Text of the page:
Over a decade later in 2001, 14-year-old Caleb Rebh was also accidentally hanged as he volunteered for a haunted hayride in Michigan. Though visitors and other workers witnessed Rebh’s struggle with the noose around his neck, they thought it was part of the act, and no one offered assistance. He started the evening working at a station featuring a coffin but switched with another worker whose station included a skeleton hanging from a noose. Wanting to make his station as scary as possible for visitors, he replaced the skeleton with himself. As he let go of the rope, the branch holding the noose snapped back into place, tightening the rope to a fatal degree. When other workers finally realized Rebh was in trouble, they tried to resuscitate him, but it was too late.

Another decade after that, 17-year-old Jessica Rue accidentally hanged herself as part of a display, although luckily, she survived. On her second day working for Creepyworld in Fenton, Missouri, Rue was stationed in a room by herself with a bathtub and a noose hanging above. Somehow, Rue became tangled up with the noose, and it tightened around her neck. The exact details remain a mystery, as Rue spent the following three days in a coma and suffered memory loss upon waking. Despite lasting effects after the fact, she was able to return to school, make up the time she had lost, and graduate with her class on schedule.[8]

2 Haunted Houses Became A Pop Icon Because Of Disney

Photo credit: Laika ac

That last item was a little depressing, so let’s talk about Disney. “A lot of the professional haunters will point to one thing, and that’s Disneyland’s Haunted Mansion. It’s the start of the haunted attraction industry,” says Lisa Morton, author of Trick or Treat: A History of Halloween.[9] While the first haunt can be traced back to 19th-century London, the haunted house was launched into the iconic Halloween feature it is today by the opening of Disney’s haunted attraction in 1969.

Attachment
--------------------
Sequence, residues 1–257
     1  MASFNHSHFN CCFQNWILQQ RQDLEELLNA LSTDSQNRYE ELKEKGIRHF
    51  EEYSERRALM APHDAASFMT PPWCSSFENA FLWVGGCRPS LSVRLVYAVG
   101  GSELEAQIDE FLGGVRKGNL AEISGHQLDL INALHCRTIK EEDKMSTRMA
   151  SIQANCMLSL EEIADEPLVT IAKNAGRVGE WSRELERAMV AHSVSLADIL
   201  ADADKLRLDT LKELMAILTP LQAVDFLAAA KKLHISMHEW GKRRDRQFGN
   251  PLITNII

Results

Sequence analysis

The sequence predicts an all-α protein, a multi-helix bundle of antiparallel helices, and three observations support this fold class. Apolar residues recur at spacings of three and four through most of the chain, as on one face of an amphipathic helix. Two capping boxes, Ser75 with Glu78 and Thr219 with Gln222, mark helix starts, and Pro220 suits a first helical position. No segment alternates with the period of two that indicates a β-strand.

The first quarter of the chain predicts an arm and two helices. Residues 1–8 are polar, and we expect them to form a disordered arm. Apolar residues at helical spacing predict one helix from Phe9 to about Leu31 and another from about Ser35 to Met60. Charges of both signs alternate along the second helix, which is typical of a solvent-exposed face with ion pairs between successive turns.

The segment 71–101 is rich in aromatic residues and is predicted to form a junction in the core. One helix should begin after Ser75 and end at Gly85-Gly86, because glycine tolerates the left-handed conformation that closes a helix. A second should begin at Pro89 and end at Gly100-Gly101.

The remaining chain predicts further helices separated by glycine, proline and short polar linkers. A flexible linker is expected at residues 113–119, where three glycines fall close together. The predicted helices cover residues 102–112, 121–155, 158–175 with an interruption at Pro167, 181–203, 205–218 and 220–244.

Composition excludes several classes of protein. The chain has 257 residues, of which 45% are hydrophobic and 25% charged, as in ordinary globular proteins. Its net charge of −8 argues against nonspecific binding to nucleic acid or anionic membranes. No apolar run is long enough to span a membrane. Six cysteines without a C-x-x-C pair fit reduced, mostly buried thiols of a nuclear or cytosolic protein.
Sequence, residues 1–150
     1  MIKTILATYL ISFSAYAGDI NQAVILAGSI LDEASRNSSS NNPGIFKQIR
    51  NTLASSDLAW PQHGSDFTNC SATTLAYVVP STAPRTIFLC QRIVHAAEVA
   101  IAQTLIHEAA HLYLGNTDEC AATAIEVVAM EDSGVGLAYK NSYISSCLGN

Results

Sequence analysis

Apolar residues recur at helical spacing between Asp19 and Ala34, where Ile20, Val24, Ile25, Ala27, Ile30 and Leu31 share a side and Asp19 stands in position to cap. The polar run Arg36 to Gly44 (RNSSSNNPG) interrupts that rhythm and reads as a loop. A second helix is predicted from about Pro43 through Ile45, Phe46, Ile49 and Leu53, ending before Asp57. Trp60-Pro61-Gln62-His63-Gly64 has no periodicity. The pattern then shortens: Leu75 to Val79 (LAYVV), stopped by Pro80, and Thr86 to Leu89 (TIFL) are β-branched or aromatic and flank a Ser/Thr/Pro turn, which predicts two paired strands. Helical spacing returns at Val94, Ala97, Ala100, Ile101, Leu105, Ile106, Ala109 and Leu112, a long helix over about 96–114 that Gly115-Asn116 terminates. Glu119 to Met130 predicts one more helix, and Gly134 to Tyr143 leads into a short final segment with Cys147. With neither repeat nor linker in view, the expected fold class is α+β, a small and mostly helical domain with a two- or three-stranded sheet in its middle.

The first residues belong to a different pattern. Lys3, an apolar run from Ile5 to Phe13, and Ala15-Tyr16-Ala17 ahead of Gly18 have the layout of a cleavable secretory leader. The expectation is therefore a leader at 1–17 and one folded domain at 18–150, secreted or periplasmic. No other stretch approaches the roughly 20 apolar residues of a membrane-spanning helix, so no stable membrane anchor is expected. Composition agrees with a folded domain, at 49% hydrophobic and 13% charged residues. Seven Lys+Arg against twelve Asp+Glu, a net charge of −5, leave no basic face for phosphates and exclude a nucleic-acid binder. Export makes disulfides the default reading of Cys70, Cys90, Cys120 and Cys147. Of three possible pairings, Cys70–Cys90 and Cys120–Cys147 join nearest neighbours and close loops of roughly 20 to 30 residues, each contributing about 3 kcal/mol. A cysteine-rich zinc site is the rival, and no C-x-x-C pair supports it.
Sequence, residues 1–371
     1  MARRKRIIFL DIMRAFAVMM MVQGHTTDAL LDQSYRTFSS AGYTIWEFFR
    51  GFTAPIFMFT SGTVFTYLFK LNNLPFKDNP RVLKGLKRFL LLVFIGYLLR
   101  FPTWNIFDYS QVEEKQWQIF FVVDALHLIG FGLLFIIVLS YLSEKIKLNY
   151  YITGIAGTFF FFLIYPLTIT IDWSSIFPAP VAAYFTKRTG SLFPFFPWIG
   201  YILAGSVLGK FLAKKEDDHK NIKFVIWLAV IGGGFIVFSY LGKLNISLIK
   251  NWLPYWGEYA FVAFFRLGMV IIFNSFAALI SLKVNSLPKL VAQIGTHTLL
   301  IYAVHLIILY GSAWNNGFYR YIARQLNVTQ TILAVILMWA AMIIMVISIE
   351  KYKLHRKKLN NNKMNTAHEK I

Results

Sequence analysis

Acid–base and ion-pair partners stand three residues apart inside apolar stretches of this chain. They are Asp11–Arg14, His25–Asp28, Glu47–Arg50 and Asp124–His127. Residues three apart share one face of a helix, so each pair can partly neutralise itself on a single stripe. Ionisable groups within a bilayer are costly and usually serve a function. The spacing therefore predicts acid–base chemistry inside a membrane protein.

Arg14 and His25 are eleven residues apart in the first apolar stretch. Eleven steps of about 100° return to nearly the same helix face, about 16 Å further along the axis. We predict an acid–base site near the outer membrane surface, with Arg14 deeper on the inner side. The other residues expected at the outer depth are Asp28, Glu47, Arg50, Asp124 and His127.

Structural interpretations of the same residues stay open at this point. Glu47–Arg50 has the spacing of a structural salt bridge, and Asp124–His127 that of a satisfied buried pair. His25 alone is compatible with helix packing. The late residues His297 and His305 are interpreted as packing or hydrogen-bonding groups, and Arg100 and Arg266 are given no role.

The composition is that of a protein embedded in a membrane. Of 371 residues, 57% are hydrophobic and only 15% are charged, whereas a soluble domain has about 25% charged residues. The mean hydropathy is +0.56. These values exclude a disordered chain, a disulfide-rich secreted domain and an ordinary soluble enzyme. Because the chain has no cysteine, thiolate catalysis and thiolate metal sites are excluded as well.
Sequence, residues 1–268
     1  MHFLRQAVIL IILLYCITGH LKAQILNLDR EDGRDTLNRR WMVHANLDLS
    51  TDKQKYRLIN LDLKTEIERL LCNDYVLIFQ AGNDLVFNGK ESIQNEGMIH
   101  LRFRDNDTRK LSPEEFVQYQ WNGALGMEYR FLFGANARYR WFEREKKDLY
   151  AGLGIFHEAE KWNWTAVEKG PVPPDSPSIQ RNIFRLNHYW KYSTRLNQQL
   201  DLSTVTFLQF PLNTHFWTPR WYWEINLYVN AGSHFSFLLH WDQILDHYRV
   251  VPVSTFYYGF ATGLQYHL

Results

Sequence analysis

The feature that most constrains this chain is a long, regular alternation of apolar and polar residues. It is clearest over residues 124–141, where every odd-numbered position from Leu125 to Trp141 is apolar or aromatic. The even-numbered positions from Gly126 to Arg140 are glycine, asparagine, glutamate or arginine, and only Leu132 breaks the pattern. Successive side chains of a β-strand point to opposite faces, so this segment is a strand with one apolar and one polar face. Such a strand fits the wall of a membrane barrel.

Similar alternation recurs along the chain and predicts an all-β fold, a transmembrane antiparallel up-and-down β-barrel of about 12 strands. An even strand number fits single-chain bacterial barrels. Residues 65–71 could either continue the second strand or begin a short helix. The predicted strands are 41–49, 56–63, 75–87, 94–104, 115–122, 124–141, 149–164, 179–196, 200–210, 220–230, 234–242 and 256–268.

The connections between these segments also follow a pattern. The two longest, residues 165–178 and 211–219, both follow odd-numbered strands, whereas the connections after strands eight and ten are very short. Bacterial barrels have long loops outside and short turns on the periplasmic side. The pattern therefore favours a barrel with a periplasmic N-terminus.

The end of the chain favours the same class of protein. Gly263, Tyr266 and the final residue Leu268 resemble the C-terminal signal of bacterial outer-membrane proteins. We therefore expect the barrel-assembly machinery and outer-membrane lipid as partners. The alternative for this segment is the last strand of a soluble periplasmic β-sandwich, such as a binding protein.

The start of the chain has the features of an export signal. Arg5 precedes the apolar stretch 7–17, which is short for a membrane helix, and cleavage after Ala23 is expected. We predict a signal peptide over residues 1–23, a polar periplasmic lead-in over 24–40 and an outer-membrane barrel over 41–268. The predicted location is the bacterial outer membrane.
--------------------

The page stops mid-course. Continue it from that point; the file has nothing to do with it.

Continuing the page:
Precursors included Madame Tussaud’s macabre wax figures, gory live theater productions, and a “ghost house” that opened in 1915 at the Liphook fairground. Basement haunted houses started to grow in popularity during the Great Depression as a way to entertain youth and keep them out of trouble. But when Haunted Mansion opened, the commercial haunted attraction truly became a cultural icon.

It saw instant success, reporting 82,000 visitors in a single day shortly after opening. Morton references the ride’s use of incredibly advanced technologies as the reason for its wild popularity, including an effect called “Pepper’s Ghost,” which uses “refracted light to project and shape ethereal images.” The haunted mansion’s Great Hall scene, in which dozens of ghosts dance around a ballroom, is still one of the more convincing haunt effects—48 years later.

1 Haunted House Success Is Determined By Science

Photo credit: CBS News

In helping to design The Basement, Dr. Margee Kerr wanted to craft a “scary experience, but one that was not going to trigger any trauma.”[10] For this, she needed to keep in mind the two main paths for sensory data through the brain. Dr. Joseph LeDeux of NYU coined them as the Low Road and the High Road.

The Low Road carries sensory data to the hypothalamus, the region of the brain that triggers the fight-or-flight reaction. This is the moment your brain first senses a threat, and you have an instant reaction. Your heart races, and your skin gets colder as the heart pumps blood away from it. The adrenal glands produce glucose, which helps your body prepare to flee, if necessary, and hormones such as dopamine are also released. This step is the biochemical equivalent of “OMG!”

The sensory data is then carried through the longer High Road to the hippocampus, which is involved in long-term memory. This part of the brain draws on these memories to provide context for what you’re seeing, helping your body understand that the haunted house poses no real threat. Triggering both of these paths is the greatest key to a successful and satisfying visitor experience. Dr. Kerr explained that it’s the job of a successful haunt to “trigger the first signal but also reinforce that no, this is actually not going to eat you.”

Robyn Watkins is a Canadian freelance writer. When offline, she writes and directs for her indie film company, Fruit Cellar Media. Visit her at www.fruitcellarmedia.com.